Associate Layoffs, A New Court, And Racial Unrest: 2020 In Review

Above the Law – 2020 In The Legal Industry Was Just As Awful As In The World Writ Large. By Kathryn Rubino – “As part of Above the Law’s 2020 in review each of the editors are throwing together our own list of top stories of 2020. Of course, 2020 was a dumpster fire, so almost all of the stories on my personal list are a reminder of awful. With that depressing note, here it is: my top stories of 2020…”

Categories: Law and Legal

COVID-19 vaccine facts: Hidden costs, when you can get vaccinated, choosing vaccine brands

CNET – “Now that there are two vaccines granted for emergency approval, where’s your place in line? Will you have to pay anything? What can you do after you’re vaccinated? Here’s what you need to know. This month, two COVID-19 vaccines were authorized by the Food and Drug Administration for emergency use in the US — Moderna and Pfizer. All 50 states have already received millions of COVID-19 vaccine doses, with states already administering the first set of shots, with the first person already receiving their second shot. Government leaders in the nation’s capital have also been receiving their first round of shots — President-elect Joe Biden received his on Dec. 21. As you wait for your turn, there are a lot of questions we can help answer. Is a vaccination completely free or will you have to pay? How long will you personally have to wait to receive it, when will you know when you can get it and where, and is there anyone who shouldn’t get a COVID-19 vaccine right now? There’s plenty we don’t know yet, but we’re keeping a close eye on the situation and will update this story as we learn more about the vaccine against COVID-19. Note that this story isn’t intended to serve as medical advice…”

Categories: Law and Legal

Masks and mandates: How individual rights and government regulation are both necessary for a free society

Via LLRXMasks and mandates: How individual rights and government regulation are both necessary for a free society – Professor Martha Ackelsberg is political theorist – she studies how communities are organized, how power is exercised and how people relate to one another in and between communities. Through talking to friends, and thinking about the protests against COVID-19-related restrictions that have taken place around the country – she concluded that many people do not understand that individual rights and state power are not really opposites. The laws and policies that governments enact set the framework for the exercise of our rights. So, inaction on the part of government does not necessarily empower citizens. It can, effectively, take away our power, leaving us less able to act to address our needs.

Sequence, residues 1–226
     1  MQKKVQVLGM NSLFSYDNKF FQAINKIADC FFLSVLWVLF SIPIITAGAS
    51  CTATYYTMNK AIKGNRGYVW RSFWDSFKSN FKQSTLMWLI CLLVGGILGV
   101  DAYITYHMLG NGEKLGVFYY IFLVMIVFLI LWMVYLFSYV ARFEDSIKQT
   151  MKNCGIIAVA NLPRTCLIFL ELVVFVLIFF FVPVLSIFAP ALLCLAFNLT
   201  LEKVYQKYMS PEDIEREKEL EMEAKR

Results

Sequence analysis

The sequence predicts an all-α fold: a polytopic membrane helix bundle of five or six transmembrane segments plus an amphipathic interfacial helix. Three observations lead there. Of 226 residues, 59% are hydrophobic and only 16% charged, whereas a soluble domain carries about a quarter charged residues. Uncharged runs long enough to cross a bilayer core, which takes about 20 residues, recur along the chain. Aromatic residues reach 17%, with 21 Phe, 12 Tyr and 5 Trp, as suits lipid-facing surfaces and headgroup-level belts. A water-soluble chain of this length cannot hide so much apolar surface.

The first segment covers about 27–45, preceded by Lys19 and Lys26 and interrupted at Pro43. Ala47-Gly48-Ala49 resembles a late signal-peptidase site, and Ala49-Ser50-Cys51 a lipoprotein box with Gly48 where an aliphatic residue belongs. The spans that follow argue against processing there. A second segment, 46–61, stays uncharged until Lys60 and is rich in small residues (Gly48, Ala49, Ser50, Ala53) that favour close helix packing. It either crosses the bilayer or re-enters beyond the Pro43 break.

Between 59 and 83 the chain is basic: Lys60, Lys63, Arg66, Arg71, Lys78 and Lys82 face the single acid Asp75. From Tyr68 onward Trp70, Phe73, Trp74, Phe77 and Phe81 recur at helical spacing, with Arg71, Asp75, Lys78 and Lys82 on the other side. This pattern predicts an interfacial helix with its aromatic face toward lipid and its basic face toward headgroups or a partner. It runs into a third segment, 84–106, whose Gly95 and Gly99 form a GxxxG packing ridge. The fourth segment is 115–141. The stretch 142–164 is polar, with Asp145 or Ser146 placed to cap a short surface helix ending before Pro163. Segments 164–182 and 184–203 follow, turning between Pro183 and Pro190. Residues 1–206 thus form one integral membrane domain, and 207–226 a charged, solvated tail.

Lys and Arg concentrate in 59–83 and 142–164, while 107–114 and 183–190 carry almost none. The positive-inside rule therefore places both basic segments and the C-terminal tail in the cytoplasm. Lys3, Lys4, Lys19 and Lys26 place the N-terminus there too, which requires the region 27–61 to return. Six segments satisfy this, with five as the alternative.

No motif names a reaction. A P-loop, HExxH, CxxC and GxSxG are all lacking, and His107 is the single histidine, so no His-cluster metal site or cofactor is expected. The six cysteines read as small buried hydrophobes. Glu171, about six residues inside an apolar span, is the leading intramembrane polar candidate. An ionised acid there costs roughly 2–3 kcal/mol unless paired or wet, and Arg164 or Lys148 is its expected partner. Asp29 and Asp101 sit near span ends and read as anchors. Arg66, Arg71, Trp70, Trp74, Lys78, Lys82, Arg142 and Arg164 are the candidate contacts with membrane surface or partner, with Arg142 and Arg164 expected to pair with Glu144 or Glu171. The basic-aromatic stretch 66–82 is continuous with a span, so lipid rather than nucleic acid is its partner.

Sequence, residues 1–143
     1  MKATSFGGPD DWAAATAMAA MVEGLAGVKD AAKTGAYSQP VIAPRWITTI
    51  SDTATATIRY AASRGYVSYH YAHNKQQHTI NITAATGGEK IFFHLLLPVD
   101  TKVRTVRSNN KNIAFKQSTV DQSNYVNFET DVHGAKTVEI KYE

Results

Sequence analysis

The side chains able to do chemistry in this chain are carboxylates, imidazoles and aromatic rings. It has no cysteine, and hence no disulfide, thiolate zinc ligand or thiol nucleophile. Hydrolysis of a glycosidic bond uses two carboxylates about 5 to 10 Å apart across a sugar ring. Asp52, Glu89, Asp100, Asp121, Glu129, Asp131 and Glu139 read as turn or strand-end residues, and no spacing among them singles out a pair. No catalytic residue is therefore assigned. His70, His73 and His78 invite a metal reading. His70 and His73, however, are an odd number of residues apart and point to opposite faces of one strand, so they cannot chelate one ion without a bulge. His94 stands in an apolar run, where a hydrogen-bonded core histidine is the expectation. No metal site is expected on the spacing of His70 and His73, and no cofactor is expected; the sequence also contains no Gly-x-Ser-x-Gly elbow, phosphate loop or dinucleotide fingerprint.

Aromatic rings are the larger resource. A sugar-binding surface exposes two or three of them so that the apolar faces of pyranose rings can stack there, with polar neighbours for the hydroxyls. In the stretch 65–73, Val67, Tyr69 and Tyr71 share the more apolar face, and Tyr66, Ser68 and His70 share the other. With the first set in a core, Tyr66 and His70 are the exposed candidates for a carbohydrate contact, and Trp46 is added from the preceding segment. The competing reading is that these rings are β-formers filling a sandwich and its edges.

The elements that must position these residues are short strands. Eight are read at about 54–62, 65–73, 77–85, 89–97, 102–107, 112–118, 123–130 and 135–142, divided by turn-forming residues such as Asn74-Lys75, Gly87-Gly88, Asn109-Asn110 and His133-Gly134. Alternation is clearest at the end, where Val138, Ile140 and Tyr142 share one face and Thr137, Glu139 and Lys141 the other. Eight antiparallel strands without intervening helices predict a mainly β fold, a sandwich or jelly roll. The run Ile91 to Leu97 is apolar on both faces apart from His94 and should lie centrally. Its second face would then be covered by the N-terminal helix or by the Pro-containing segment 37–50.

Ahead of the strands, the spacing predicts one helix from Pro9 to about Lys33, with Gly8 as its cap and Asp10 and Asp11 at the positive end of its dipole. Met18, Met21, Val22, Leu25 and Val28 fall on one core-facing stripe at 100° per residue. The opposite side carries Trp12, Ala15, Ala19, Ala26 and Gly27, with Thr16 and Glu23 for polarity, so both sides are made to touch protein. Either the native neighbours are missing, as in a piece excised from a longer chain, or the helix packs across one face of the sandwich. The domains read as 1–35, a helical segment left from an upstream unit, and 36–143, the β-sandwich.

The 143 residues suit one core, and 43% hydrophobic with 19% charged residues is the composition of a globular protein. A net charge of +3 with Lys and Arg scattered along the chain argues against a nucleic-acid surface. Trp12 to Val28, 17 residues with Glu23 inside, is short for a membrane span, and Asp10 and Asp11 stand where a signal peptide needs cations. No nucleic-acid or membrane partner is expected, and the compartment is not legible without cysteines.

Categories: Law and Legal

Top 5 legal technology stories of 2020

Via LLRX – Top 5 legal technology stories of 2020Nicole L. Black discusses the wide ranging effects on the legal technology space from the pandemic across all corners of the legal technology world. The shift to remote work had a dramatic impact on both the practice of law and the business of law, resulting in the rapid—and singularly remarkable—adoption of technology at rates never before seen. In some cases, the transition was a smooth one, and in others, it was a spectacular disaster. Good or bad, the results of the pandemic’s impact were undoubtedly notable—and newsworthy. In her article Black focuses on a few topics that especially resonated with her tech savvy readers and colleagues.

Categories: Law and Legal

Financial Sources on the Internet 2021

Via LLRXFinancial Sources on the Internet 2021Marcus P. Zillman, new guide comprises a list of actionable financial resources from the U.S. and abroad, organized by four subject areas: Corporate Conference Calls Resources, Financial Sources, Financial Sources Search Engines, and Venture Capital Sources. Content includes: sources for news and updates on business, corporations and marketplaces; sources from the NGO/IGO sectors; data, databases and charts; search applications; resources for investors and money management; and market analysis tools.

Categories: Law and Legal

New At-Home Covid Test Gets Green Light From FDA